When a premise in an argument, or a main conjunct of a premise, is identical to the conclusion, the argument begs the question in itself in a logical way. When an argument is such that its premises cannot be known independently of its conclusion, the argument begs the question in itself in an epistemological way.

What is the point of Pascal's wager?

Pascal's wager is an argument in philosophy presented by the seventeenth-century French philosopher, mathematician and physicist, Blaise Pascal (1623–1662). It posits that humans bet with their lives that God either exists or does not.

What is the argument from contingency?

The “Argument from Contingency” examines how every being must be either necessary or contingent. Since not every being can be contingent, it follow that there must be a necessary being upon which all things depend. This being is God.

What does it mean to be ontological?

Ontology is the philosophical study of being. More broadly, it studies concepts that directly relate to being, in particular becoming, existence, reality, as well as the basic categories of being and their relations.

What is a necessary being?


logical necessity: a logically necessary being is a being whose non-existence is a logical impossibility, and which therefore exists either timeless or eternally in all possible worlds.

Did Descartes believe in free will?

Freedom is a central theme in Descartes's philosophy, where it is linked to the theme of the infinite: it is through the freedom of the will, experienced as unlimited, that the human understands itself to bear the "image and likeness" of the infinite God.

What was Gaunilo's argument?

In his work In Behalf of the Fool, Gaunilo contends that St Anselm's ontological argument fails because logic of the same kind would force one to conclude many things exist which certainly do not. An empiricist, Gaunilo thought that the human intellect is only able to comprehend information provided by the senses.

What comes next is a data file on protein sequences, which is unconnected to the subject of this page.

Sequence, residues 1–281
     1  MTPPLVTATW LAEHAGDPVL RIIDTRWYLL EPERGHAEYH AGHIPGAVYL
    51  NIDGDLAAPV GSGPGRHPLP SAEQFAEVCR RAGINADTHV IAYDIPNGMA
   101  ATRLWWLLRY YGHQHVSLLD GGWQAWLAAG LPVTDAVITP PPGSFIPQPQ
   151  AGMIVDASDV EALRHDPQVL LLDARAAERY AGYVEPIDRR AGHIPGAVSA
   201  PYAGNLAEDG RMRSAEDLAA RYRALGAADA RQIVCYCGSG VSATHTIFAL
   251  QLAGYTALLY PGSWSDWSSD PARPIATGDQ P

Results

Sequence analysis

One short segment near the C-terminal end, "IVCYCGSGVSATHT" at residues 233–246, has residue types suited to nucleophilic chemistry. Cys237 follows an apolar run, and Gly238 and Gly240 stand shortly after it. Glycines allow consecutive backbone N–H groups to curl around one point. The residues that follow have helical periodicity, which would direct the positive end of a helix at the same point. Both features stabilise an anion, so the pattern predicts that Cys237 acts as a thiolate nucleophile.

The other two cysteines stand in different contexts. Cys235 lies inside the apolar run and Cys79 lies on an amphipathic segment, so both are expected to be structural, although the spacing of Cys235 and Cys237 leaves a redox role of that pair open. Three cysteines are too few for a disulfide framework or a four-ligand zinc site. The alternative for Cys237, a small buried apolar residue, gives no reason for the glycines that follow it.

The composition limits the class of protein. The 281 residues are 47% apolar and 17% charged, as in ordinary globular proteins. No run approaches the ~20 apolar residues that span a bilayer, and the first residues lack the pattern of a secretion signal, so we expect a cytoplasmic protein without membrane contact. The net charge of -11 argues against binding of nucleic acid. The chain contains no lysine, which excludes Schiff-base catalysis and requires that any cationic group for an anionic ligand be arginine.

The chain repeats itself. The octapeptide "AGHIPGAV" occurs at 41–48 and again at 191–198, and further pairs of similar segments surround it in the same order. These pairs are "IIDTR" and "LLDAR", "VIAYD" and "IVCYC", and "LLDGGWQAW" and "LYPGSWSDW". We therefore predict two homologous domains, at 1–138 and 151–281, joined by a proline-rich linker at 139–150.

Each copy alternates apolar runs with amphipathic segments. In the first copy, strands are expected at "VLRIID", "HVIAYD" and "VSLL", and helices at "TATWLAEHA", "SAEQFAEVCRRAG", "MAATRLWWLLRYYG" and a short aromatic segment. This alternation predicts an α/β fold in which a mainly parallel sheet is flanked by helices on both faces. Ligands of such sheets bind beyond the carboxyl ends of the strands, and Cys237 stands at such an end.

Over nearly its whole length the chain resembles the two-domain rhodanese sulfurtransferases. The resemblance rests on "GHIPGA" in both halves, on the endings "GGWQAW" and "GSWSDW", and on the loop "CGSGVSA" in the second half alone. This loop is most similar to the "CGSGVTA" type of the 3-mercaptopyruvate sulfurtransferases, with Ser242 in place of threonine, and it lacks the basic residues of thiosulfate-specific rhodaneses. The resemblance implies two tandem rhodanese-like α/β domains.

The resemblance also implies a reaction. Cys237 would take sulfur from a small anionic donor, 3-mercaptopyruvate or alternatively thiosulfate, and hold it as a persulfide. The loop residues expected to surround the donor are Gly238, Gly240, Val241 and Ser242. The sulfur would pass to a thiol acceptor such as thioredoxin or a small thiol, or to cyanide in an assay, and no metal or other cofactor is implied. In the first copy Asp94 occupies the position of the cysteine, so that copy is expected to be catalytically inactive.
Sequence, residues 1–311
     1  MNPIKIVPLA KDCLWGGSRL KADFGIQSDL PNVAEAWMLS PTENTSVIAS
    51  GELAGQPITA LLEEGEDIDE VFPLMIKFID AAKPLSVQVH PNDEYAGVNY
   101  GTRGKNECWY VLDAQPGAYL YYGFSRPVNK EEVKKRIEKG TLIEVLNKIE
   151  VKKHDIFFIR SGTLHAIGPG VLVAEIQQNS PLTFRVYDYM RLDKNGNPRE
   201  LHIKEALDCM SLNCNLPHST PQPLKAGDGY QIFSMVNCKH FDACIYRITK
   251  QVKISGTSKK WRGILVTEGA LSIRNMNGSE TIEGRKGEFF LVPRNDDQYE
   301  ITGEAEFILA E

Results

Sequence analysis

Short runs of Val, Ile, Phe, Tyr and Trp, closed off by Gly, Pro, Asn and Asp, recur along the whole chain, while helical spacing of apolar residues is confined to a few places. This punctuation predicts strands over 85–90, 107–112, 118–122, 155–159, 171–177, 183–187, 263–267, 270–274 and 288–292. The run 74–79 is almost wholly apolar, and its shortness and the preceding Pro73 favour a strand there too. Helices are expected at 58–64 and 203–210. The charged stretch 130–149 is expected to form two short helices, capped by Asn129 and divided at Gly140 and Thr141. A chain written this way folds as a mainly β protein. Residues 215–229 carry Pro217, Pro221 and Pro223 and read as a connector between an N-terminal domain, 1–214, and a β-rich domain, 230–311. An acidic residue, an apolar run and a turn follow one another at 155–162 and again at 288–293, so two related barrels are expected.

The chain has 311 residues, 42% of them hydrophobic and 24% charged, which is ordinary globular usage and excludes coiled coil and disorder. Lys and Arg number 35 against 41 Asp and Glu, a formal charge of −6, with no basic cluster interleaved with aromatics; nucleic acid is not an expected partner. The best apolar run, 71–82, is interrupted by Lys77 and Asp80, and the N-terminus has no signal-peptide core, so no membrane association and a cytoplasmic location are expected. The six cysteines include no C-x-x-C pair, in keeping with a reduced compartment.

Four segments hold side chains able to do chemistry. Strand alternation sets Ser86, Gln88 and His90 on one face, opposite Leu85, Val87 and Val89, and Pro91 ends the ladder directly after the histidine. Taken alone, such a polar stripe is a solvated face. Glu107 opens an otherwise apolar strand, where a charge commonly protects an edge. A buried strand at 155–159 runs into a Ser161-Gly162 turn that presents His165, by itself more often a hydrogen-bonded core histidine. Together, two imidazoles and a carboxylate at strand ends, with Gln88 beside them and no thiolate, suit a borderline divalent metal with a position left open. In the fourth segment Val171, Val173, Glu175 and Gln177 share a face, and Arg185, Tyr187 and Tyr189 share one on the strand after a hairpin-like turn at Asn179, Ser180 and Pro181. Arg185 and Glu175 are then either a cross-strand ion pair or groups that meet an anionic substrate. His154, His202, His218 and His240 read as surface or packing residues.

What did Thomas Aquinas argue?

Aquinas argues that if everything can not-be, then at one time there was nothing in existence. If at one time nothing was in existence, it would have been impossible for anything to have begun to exist; and thus even now nothing would be in existence – which is absurd.

What is the problem of evil in philosophy?

Problem of evil. The problem of evil is the question of how to reconcile the existence of evil and suffering with an omnipotent, omnibenevolent, and omniscient God (see theism). Or as the first known presentation by the Greek philosopher Epicurus puts it: "Is God willing to prevent evil, but not able?

Why is the ontological argument deductive?


Descartes' arguments for the existence of God are Ontological Arguments: they are deductive and a priori proofs for the existence of God. They aim to be the sort of argument such that if the premises are true, then the conclusion must be true.

What is the difference between ontological and cosmological arguments?

Although in the ontological argument the perfect being is determined to exist through its own concept, in fact nothing can be determined to exist in this manner; one has to begin with existence. In short, the cosmological argument presupposes the cogency of the ontological argument.

Can existence be treated as a predicate?

Premise 3 thus entails that (1) existence is a property; and (2) instantiating existence makes a thing better, other things being equal, than it would have been otherwise. Kant rejects premise 3 on the ground that, as a purely formal matter, existence does not function as a predicate.